Employing a system of 3- component search coil magnetometer (f=0.01 -30 Hz), ULF magnetic field emissions associated with earthquakes have been monitored at Agra since September 2002. The bulk of the data shows that normally the amplitudes of the three components (Bx, By, Bz oriented toward north-south, east-west, and vertical directions respectively) are low between 0.01 and 0.3 nT. However, By and Bz components are found to be enhanced considerably in the range of 0.3 – 2 nT ( Bx being the smallest ) occasionally. Such enhancements are correlated mostly to occurrence of earthquakes where enhancements in By and Bz correspond to earthquakes mostly in North-East (or North- South) and Northwest direction from Agra respectively. Recently, one such correlation has been found between the enhancements in Bz components and large magnitude earthquake (M=7.7) that occurred in Muzaffarabad (Pakistan) about 900 km northwest from Agra on 8 October, 2005. We have examined the amplitude enhancements in the light of solar flares and magnetic storms during the whole month of October, 2005 and found a negative correlation with these events. An interesting result obtained was that the enhancements occurred as precursors, first about 10 days before between 27 and 30 September, and then 3 days before on 05 October, 2005. The precursory characteristics of the signal is confirmed by a statistical analysis of the data for a period of fifteen days before and fifteen days after from 17 Sept., 2005- 29 Oct.,2005 by employing mean (m) and mean around standard deviation (m±2s) approach. The enhancements in the intensity of the precursory signals are also observed from a wavelet analysis of the data. The frequency –time spectrogram and power spectrum analysis of the data show the enhancements around 2 Hz and 7-8 Hz and polarization analysis of the data shows that the signals propagated from below.


 

5
 

Probable storm motion in the Bay of Bengal in April and May
A.Muthuchami and P.Dhanavanthan1

Regional Meteorological Centre, Chennai
1Dept of Statistics, Pondicherry University, Pudhucherry

ABSTRACT
Using data of cyclonic storm tracks for the period 1891 to 2000 over Bay of Bengal an attempt is made to find out the probable storm track and probable latitude of crossing of storms in pre-monsoon months of April and May. It has been found that in pre monsoon season the predominant direction of motion of storm is north-northeast in April and north in the case of May. In the month of April initial formation of storm mostly determines the location of crossing whereas in the case of May such prediction is not reliable. The relation between longitudes and latitudes of storm positions is expressed in terms different mathematical expressions during April and May. In the month of April whether the storm is in the easterly or in the westerly regime, the storm track is mostly parabolic. But in the case of May when the storm is wholly under the control of westerly regime, the tracks are in the form of logarithmic curves whereas when they are in easterly regime and then caught under westerly regime they are parabolic.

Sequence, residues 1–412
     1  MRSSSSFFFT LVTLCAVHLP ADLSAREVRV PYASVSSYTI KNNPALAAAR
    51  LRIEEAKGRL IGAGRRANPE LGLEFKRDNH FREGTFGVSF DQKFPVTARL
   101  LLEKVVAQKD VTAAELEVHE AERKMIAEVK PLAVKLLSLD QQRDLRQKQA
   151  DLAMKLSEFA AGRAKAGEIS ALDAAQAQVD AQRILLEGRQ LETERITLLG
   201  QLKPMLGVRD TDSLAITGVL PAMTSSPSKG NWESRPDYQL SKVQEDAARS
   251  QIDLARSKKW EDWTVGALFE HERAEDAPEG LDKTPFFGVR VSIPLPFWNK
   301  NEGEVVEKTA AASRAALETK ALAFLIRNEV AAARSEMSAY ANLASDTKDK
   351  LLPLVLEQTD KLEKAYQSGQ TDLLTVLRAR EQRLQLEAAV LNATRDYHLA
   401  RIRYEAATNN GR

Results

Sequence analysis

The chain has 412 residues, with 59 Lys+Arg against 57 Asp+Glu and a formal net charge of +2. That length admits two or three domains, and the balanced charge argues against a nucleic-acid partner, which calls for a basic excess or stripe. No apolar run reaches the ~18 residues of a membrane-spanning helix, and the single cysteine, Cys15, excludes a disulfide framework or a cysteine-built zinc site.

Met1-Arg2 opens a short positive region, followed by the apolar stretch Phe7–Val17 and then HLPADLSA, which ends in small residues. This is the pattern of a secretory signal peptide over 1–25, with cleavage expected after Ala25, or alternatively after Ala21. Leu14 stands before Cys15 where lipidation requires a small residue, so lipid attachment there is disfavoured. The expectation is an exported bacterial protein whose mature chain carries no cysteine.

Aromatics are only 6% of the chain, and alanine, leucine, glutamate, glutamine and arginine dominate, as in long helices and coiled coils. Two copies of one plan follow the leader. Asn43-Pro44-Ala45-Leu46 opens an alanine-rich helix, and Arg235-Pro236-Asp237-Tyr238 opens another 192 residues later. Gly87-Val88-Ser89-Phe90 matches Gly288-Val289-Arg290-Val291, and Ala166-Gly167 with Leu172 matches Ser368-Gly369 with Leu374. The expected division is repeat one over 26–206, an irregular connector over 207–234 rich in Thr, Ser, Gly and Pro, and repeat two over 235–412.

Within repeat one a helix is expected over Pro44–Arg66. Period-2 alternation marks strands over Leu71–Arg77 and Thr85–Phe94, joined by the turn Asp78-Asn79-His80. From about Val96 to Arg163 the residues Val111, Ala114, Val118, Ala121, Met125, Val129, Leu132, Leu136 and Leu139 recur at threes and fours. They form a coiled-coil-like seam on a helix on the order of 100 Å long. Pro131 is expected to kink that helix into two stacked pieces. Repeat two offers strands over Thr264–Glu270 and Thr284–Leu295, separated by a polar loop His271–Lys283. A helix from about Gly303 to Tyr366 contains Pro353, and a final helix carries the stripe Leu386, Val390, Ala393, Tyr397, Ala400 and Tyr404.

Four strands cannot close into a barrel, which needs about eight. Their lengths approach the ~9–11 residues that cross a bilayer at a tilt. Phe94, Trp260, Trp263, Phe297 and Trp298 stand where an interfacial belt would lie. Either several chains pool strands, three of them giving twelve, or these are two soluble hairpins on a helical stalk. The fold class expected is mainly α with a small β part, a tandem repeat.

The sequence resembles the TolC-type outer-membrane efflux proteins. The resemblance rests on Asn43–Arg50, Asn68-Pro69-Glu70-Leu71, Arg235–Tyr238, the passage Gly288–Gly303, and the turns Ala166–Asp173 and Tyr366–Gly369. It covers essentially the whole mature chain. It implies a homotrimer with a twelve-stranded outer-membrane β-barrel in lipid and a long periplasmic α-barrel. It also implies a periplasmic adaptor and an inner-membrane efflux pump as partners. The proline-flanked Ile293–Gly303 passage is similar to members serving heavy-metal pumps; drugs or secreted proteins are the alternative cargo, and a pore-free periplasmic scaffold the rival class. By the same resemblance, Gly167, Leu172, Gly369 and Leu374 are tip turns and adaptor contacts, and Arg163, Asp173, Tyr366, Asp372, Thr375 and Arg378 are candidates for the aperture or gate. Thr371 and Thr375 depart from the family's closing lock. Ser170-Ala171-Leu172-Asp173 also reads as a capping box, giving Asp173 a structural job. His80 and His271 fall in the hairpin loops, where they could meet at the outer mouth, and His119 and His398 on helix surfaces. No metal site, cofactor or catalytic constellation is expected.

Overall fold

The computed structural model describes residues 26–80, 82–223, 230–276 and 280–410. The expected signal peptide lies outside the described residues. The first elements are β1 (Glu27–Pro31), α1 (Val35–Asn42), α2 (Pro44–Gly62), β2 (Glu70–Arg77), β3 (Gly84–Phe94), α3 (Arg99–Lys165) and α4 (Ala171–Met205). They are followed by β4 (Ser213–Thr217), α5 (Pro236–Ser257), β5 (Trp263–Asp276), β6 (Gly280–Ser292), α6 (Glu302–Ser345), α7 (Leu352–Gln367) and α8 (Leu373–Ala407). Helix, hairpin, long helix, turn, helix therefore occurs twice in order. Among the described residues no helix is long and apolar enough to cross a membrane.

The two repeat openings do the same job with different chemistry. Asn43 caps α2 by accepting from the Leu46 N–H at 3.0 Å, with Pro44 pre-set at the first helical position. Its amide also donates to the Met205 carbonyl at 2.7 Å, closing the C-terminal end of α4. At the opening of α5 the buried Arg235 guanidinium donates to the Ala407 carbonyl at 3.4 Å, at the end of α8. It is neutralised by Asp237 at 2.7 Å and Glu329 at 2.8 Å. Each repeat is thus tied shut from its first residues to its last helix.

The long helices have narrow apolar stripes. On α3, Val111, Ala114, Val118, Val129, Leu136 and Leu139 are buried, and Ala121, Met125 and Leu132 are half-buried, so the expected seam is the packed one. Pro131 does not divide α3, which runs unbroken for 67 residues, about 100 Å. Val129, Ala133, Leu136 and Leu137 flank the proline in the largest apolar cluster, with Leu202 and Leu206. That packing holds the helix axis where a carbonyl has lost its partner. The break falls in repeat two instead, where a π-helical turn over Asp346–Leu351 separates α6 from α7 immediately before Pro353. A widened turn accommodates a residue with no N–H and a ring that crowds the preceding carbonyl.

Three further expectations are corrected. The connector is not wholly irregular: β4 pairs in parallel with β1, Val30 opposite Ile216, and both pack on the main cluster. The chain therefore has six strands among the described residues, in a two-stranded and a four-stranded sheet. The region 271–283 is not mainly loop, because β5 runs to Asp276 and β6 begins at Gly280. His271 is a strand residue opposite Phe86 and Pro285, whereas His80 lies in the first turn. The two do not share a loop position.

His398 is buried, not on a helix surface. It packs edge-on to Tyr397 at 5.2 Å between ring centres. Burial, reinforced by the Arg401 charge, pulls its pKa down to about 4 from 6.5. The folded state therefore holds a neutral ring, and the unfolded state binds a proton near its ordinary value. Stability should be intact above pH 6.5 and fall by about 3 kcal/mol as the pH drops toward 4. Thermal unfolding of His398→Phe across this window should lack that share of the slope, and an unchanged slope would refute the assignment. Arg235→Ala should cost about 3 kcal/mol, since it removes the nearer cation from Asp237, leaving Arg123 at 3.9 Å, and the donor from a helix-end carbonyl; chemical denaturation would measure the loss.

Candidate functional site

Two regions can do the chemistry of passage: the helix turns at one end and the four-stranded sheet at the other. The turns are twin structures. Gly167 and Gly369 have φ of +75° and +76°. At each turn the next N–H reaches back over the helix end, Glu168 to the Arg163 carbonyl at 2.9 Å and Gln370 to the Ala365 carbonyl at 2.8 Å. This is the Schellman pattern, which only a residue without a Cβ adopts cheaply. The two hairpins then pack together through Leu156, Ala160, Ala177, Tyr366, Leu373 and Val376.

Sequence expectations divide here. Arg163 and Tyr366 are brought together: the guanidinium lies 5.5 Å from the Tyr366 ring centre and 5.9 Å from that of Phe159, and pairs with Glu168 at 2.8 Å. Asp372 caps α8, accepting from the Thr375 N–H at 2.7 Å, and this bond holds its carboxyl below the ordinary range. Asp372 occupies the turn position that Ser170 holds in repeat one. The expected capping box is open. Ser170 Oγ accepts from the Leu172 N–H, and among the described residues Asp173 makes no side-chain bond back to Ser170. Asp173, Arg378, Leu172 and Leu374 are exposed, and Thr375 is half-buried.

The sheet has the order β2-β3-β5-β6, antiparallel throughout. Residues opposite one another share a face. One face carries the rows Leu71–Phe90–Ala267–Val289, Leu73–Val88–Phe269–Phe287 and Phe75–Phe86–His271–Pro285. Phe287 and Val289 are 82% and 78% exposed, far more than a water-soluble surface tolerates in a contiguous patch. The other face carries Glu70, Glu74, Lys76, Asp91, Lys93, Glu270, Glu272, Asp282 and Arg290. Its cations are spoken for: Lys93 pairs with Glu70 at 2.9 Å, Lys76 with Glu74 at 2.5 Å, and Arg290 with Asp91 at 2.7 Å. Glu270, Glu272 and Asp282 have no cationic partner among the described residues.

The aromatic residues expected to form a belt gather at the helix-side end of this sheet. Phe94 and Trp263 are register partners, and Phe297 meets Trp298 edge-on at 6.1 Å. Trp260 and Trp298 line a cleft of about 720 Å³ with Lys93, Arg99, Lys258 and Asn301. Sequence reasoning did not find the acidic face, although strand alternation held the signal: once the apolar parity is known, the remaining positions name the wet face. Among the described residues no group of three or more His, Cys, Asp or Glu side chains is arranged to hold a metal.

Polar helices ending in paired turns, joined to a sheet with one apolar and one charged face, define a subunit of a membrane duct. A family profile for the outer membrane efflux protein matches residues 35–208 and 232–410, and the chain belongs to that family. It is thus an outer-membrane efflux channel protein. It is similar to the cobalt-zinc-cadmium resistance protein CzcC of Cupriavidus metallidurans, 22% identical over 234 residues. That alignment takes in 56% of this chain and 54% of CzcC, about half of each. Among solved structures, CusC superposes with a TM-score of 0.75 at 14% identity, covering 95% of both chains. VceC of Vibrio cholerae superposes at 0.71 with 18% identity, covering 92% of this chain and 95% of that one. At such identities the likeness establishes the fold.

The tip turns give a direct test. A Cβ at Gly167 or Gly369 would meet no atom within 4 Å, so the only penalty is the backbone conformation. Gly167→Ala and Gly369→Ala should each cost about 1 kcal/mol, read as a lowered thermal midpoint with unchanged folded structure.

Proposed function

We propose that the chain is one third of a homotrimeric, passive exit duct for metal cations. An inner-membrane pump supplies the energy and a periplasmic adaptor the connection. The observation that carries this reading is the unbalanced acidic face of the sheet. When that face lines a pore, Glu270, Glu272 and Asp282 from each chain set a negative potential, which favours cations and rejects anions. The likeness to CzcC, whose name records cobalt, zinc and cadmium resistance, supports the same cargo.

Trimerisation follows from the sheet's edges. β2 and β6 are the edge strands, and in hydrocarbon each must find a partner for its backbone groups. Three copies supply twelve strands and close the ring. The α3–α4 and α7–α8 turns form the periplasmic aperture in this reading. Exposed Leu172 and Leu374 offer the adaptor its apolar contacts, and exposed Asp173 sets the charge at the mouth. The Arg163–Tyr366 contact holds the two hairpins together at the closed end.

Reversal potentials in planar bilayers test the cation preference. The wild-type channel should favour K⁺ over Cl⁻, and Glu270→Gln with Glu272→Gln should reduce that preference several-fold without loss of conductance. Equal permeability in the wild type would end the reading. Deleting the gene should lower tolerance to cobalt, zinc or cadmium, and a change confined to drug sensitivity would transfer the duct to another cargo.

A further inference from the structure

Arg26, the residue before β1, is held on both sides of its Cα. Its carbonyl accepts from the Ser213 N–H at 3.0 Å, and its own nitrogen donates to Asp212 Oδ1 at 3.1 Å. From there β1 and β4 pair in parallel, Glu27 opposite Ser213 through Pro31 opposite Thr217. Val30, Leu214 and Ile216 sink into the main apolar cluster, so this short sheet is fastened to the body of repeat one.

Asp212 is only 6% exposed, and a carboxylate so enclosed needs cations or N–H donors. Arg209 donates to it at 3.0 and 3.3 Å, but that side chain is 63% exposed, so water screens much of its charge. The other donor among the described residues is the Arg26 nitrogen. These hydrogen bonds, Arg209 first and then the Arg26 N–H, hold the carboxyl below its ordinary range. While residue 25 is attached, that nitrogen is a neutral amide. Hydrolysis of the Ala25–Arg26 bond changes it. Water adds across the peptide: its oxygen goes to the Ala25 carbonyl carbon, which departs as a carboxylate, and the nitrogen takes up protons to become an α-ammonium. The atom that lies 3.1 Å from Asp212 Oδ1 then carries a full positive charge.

6
 

An estimation of heat flux and its variability in the Southern Indian Ocean (SIO) using Ocean General Circulation Model

Anshu Prakash Mishra, S.Rai1 and A.C.Pandey2

Central Water Commission, Dibrugarh, Assam – 786 003
1K.Banerjee Center of Atmospheric and Ocean Studies, Nehru Science Center, Faculty of Science, University of Allahabad, Allahabad, India.
2Department of Physics, University of Allahabad, Allahabad, India.
E-mail: anshu_786@rediffmail.com, anshu_ms@yahoo.com


ABSTRACT
Evaluated annual mean and seasonal means net heat flux at the ocean surface for the period 1975-1998 from an ocean model results for Southern Indian Ocean (SIO) having spatial coverage 0.25°N-74.25°S & 15.75°E-120.75°E. It has been found that model annual mean and seasonal means net heat flux fields agree moderately with Southampton Oceanography Center (SOC) climatological heat fluxes and there are spatial inconsistencies in computation against a good agreement in-between model and SOC data sets in the region of interest. These discrepancies may be due to deficiency with model physics or sampling related bias in SOC data sets. Further, nature of variability of surface heat flux field in SIO was studied using Empirical Orthogonal Functions (EOF) techniques. Interannual variability represented in the first EOF of surface heat flux anomaly shows a strong trend in the Antarctic Circumpolar Current (ACC) region and significance variability around ten years.

 


 

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Indian Geophysical Union, Hyderabad 500 007 India, 
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Copyright - 2004
Indian Geophysical Union, Hyderabad 500 007 India, 
For problems or questions regarding this web contact  IGU Email]
. Designed by Artworks